The credit markets tend to smell fear long before equities wake up to the risk. This has been the pattern in each spasm of financial stress over recent years, but these early-warning indicators can be hard to read and right now they are sending mixed signals. The iTraxx Crossover index for European bonds has crept up to 330 basis points but is not suggesting trouble.
What is clear is that conditions are tightening in the US. The Fed is already draining money through “reverse repos”. Even blue-chip firms in the US are stretching payments to contractors in order to disguise weakness and beat cash flow “expectations”.
Jonathan Tepper from Variant Perception said: “Some companies are delaying paying suppliers and increasing accounts payable, which flatters operating cash flow. It is a low quality ‘beat’.” This creates headaches for suppliers at the bottom of the food chain.
The small business optimism index (NIFB) in the US dropped to 94.1 in September, a very weak outlook. Although growth of nominal GDP rebounded from 1.2pc to 2.8pc in the third quarter, this was distorted by inventory effects and by a one-off jump in soybean exports. The underlying trend in “NGDP” is near stall speed, and suggests “stagflation”.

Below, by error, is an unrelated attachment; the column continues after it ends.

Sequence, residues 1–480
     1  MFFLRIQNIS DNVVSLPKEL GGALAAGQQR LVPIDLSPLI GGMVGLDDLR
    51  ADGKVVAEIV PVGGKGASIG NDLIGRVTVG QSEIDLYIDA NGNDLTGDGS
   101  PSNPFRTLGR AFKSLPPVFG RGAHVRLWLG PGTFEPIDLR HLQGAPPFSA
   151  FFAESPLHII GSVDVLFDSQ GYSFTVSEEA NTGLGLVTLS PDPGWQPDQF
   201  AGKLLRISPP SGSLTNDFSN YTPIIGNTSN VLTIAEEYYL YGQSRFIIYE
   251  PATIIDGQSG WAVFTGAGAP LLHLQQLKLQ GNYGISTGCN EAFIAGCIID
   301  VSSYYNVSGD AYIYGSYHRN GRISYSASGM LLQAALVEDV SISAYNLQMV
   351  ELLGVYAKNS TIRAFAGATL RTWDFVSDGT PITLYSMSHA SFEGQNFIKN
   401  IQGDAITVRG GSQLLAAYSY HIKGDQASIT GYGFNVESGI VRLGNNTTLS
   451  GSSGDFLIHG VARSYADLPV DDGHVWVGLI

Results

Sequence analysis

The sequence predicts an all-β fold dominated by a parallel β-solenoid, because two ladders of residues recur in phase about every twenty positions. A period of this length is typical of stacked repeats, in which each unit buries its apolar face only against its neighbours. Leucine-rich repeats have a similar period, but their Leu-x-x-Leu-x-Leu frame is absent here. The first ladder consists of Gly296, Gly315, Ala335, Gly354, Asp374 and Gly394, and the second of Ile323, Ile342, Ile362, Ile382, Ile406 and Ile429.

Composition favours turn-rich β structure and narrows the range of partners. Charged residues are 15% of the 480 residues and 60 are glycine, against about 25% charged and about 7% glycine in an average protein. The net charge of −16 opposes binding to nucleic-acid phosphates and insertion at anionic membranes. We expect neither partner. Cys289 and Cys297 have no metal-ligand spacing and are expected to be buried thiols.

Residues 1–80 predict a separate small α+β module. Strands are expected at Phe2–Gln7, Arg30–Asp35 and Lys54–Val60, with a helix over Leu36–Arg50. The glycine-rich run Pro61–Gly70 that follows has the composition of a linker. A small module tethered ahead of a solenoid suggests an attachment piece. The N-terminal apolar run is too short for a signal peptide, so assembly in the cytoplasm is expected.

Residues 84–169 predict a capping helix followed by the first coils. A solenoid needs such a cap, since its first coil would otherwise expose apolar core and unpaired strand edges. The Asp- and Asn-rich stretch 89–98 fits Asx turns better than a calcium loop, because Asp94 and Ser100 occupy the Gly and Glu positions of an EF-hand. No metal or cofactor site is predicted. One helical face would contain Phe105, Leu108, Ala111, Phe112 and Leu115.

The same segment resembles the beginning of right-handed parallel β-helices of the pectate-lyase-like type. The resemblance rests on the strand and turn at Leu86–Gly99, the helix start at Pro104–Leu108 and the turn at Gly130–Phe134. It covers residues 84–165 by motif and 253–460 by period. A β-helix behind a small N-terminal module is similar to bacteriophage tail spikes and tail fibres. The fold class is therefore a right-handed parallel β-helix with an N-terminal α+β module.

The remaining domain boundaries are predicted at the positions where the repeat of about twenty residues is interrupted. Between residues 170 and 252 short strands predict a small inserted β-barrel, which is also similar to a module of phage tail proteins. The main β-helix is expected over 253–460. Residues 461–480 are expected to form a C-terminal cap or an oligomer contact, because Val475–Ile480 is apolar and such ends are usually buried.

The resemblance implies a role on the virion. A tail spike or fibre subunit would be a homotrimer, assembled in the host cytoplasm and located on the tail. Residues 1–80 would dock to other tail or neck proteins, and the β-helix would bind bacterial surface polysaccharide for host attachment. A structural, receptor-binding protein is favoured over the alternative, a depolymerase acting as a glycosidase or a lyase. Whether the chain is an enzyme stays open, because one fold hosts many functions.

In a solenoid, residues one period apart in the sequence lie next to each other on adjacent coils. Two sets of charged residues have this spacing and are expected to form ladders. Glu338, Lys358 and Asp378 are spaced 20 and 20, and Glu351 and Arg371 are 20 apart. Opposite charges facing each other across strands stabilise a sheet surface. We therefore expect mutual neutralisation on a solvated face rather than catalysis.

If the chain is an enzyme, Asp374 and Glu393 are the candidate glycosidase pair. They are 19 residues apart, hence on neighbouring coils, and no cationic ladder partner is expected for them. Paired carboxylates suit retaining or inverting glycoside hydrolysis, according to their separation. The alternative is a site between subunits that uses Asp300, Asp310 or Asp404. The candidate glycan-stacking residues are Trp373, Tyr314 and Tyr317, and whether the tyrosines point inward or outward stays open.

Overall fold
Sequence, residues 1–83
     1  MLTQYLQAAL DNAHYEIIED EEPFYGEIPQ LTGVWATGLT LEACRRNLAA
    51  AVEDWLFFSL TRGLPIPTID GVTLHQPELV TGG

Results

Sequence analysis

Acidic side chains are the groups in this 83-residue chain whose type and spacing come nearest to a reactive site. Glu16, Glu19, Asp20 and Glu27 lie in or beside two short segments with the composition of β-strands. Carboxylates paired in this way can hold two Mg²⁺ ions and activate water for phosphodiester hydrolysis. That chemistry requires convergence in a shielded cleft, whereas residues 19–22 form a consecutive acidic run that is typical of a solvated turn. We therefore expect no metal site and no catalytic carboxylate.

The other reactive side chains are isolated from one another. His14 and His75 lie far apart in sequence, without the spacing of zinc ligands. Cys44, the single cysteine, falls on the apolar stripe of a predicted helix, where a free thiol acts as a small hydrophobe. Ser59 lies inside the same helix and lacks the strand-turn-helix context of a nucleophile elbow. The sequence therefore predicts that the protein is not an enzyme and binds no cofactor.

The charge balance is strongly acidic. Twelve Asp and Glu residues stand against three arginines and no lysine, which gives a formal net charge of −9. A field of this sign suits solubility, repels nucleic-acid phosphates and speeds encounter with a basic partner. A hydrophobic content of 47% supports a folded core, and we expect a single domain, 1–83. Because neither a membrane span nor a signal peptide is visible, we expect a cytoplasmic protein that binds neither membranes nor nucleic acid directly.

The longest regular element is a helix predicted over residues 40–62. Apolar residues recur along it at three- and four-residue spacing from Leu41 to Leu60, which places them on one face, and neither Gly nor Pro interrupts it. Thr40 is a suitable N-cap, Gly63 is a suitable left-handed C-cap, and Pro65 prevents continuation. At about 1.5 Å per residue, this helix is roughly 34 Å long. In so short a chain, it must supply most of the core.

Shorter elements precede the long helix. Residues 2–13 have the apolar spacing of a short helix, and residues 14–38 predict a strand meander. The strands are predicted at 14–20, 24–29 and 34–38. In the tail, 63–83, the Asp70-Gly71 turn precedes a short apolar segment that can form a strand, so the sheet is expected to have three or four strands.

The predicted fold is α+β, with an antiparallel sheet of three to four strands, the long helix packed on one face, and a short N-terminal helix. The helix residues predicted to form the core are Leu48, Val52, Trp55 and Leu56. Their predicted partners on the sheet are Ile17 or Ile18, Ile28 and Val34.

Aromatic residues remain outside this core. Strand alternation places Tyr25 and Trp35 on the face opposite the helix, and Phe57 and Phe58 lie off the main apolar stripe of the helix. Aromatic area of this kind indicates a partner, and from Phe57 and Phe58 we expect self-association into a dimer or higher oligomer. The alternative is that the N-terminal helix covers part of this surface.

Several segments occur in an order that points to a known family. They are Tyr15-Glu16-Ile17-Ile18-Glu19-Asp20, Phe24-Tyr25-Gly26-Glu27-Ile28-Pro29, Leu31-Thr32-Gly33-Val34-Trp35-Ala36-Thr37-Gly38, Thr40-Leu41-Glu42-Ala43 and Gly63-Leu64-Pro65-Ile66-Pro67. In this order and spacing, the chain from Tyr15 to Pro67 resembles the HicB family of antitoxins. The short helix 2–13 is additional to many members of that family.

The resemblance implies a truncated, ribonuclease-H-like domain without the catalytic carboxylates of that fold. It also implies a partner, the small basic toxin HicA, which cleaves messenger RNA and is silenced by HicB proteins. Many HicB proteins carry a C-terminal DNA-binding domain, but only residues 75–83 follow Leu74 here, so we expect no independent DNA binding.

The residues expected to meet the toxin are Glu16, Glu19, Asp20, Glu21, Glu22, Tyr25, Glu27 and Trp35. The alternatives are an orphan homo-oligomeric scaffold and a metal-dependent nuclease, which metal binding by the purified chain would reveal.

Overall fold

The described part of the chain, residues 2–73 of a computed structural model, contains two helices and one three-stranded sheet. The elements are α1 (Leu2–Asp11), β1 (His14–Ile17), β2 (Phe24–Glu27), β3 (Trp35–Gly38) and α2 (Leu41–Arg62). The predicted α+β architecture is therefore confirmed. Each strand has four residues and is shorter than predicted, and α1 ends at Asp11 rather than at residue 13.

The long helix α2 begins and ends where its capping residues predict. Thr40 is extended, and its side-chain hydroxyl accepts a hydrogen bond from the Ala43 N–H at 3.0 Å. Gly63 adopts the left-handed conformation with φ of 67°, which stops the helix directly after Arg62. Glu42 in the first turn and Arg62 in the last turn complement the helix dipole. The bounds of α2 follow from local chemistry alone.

The US trucking association said freight tonnage fell 5.8pc in September. The moves in Libor and the bond markets are not dramatic compared to past episodes in 1987, 1994, 1999, and 2006, but the great unknown is whether today’s globalised worldcan cope with any tightening at all.
Bond bulls remain defiant. They insist that the spike in yields will inevitably do so much damage that the process must short-circuit by slowing the global economy, halting the rally in commodity prices, and killing off talk of an inflation cycle. Nomura’s global strategist Bob Janjuah said: “We are in an era where we still have too much global capacity versus aggregate demand. The default cycle is lurking in the background.”
“More QE by the Fed is at least as likely as the Fed hiking by 100 basis points between now and Christmas 2018. Buy the bond bubble.”